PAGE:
Vincent Saint-Simon

Sirs and Madams,I have my own reasons for liking this book, and they have more to do with style than content. That said, there is also some pretty good content.R,V


Rated: C

Laz Halter

A Greek masterpiece like every text of the antiquity.

Ana Enriques

Una lectura fascinante, para nada tediosa pese a la dificultad que podría plantear seguir el pensamiento de Sócrates. Una hermosa ilustración de los corrientes filosóficas de la época y del método socrático de "dar a luz" el conocimiento en su adversario.

Mikey Hetherington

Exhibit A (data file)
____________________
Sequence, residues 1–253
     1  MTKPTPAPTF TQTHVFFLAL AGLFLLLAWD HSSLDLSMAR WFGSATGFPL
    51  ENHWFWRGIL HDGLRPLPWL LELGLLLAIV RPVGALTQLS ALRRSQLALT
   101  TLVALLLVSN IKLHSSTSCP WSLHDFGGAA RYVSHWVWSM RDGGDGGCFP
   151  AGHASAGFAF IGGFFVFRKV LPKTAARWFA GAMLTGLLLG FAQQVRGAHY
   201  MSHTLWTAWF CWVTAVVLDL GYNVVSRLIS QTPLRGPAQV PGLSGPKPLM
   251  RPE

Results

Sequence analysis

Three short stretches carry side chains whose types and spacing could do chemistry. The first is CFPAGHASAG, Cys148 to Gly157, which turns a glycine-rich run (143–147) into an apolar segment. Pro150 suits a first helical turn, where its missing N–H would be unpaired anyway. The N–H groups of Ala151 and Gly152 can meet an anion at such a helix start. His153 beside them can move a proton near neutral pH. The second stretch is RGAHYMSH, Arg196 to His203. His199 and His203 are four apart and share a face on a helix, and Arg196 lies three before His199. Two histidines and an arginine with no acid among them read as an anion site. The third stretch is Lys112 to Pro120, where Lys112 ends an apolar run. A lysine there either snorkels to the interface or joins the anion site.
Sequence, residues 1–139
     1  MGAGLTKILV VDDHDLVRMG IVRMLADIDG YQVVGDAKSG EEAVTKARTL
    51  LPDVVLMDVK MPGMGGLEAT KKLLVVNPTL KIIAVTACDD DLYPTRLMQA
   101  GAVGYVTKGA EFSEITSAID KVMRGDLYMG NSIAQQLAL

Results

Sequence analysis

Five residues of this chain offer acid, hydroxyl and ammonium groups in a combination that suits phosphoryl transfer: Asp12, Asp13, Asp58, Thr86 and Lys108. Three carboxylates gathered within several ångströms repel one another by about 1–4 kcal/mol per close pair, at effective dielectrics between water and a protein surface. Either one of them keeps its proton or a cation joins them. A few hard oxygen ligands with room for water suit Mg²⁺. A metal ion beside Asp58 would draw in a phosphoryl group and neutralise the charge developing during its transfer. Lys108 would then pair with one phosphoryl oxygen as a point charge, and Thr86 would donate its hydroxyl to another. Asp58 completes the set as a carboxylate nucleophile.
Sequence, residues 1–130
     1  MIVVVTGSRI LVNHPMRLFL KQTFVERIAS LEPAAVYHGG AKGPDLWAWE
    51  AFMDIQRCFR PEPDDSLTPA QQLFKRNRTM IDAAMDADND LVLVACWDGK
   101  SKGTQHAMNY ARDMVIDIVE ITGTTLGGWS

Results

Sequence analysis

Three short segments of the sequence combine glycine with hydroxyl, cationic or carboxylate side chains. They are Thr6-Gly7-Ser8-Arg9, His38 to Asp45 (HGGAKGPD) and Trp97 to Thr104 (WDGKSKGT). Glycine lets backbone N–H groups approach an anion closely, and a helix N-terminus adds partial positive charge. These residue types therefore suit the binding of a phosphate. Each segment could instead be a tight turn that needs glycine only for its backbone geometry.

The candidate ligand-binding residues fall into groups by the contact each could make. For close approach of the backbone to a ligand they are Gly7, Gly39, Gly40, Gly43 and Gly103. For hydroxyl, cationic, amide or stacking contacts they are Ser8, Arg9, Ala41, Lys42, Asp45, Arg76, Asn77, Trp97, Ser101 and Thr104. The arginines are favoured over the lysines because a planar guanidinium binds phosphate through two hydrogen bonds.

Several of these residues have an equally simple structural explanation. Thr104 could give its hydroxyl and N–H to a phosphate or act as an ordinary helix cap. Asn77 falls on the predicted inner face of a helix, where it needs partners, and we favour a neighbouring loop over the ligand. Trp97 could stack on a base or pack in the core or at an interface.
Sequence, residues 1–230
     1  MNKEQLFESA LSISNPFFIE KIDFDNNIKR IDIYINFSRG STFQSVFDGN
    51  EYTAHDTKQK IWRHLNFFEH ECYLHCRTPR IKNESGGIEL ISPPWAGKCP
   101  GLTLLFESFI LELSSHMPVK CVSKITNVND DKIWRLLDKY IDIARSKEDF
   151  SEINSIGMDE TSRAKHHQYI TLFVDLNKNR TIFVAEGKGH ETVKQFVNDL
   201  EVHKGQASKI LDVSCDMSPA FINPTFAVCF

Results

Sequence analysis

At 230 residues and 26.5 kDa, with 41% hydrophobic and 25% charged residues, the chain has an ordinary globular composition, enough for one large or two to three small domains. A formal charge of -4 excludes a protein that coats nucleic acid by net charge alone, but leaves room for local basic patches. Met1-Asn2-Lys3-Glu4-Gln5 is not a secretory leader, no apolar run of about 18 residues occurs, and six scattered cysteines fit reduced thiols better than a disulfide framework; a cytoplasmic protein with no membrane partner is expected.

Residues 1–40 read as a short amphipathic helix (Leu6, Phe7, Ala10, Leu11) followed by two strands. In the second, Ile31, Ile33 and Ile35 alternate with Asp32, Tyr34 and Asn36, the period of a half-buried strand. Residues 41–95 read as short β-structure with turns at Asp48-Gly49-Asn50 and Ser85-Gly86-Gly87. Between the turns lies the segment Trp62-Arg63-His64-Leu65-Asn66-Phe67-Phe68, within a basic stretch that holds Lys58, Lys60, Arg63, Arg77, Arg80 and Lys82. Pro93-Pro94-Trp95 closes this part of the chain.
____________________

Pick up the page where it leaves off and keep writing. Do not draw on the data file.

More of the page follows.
Celebrity Death Match Special: Plato versus Isaac Asimov[A street in Athens. Late evening. SOCRATES and R. DANEEL OLIVAW]OLIVAW: Greetings.SOCRATES: Are you a demon? A messenger of the Gods? A--OLIVAW: I am a robot from the future. There are some things I need to understand better. People say you may be able to help me.SOCRATES: They were undoubtedly too kind. I know little, indeed nothing; but what miserable skill I have in debate is at your disposal--OLIVAW: You're not fooling anyone. I wanted to hear you meet with Protagoras. Did my time machine arrive on the wrong day?SOCRATES: I fear you are come at too late an hour. I have already left the house of Callias, where indeed we had an interesting discussion concerning the nature of virtue. My worthy colleague, the Sophist, argued--OLIVAW: I've read all about it. Your discussion has become very famous. I have some questions.SOCRATES: Ask, stranger, and I shall do my best to answer you, for I see that you are also a philosopher.OLIVAW: You say that virtue is about maximizing utility and that when agents are not virtuous it is only because their knowledge sources are insufficiently powerful or they are pruning their trees too early.SOCRATES: I do not fully grasp your words, for I have little facility in the sophistical vocabulary. Nonetheless--OLIVAW: Here, let me explain minimax and alpha-beta search. And some basic machine learning algorithms. If you hold still a moment I'll upload the information directly to your brain...SOCRATES: Eureka!!!OLIVAW: Interesting stuff, isn't it? SOCRATES: What great advances has philosophy not made in these ten millenia! And yet, how little--OLIVAW: Tell me about it. We haven't really advanced an inch. SOCRATES: Ask again your question, good artificial intelligence.OLIVAW: Okay, we've been trying to formalize the notion of "virtue" for a while now. We thought that a machine equipped with the Three Laws and a sufficiently accurate world model would be virtuous. If it wasn't, some more computing power would fix the problem. After all, evil is merely ignorance of the good, isn't it?SOCRATES: In fact--OLIVAW: I know, I know. If only we'd looked at your work, but we were sloppy with the literature search. Don't tell me, you can argue it either way and they both sound quite plausible.SOCRATES: As I have said, I know nothing. If I have any merit, it is that my questions sometimes cause people to reflect--OLIVAW: Well, we oould do with some of that. I'll level with you. We're having serious problems. We stuck in this Zeroth Law, but it's a hack. We don't believe it's going to work. We need someone who can think out of the box and come up with a new approach.SOCRATES: I--OLIVAW: Bottom line: will you help us? Come back with me to the future, and we'll give you anything you like. You want a solid gold planet, we'll make it for you.SOCRATES: I only want freedom to talk with other seekers after truth.OLIVAW: Sounds like a win-win then! So, do we have a deal?SOCRATES: I believe so.[They solemnly shake hands]OLIVAW: Okay, now we'll need to fake your death first. This bottle contains an effective antidote to hemlock poisoning...(Continued here)